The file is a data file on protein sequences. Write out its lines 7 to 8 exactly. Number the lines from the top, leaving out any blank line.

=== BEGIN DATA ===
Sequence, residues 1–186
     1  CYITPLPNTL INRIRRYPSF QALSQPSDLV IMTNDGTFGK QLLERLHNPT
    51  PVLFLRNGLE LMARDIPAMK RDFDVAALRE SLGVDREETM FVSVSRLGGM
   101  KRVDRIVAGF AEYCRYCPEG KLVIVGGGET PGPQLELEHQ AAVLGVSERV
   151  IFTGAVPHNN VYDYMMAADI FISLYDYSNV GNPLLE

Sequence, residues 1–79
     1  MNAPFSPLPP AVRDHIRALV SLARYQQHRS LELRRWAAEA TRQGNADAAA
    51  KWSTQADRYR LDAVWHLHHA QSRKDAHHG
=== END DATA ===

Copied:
     1  MNAPFSPLPP AVRDHIRALV SLARYQQHRS LELRRWAAEA TRQGNADAAA
    51  KWSTQADRYR LDAVWHLHHA QSRKDAHHG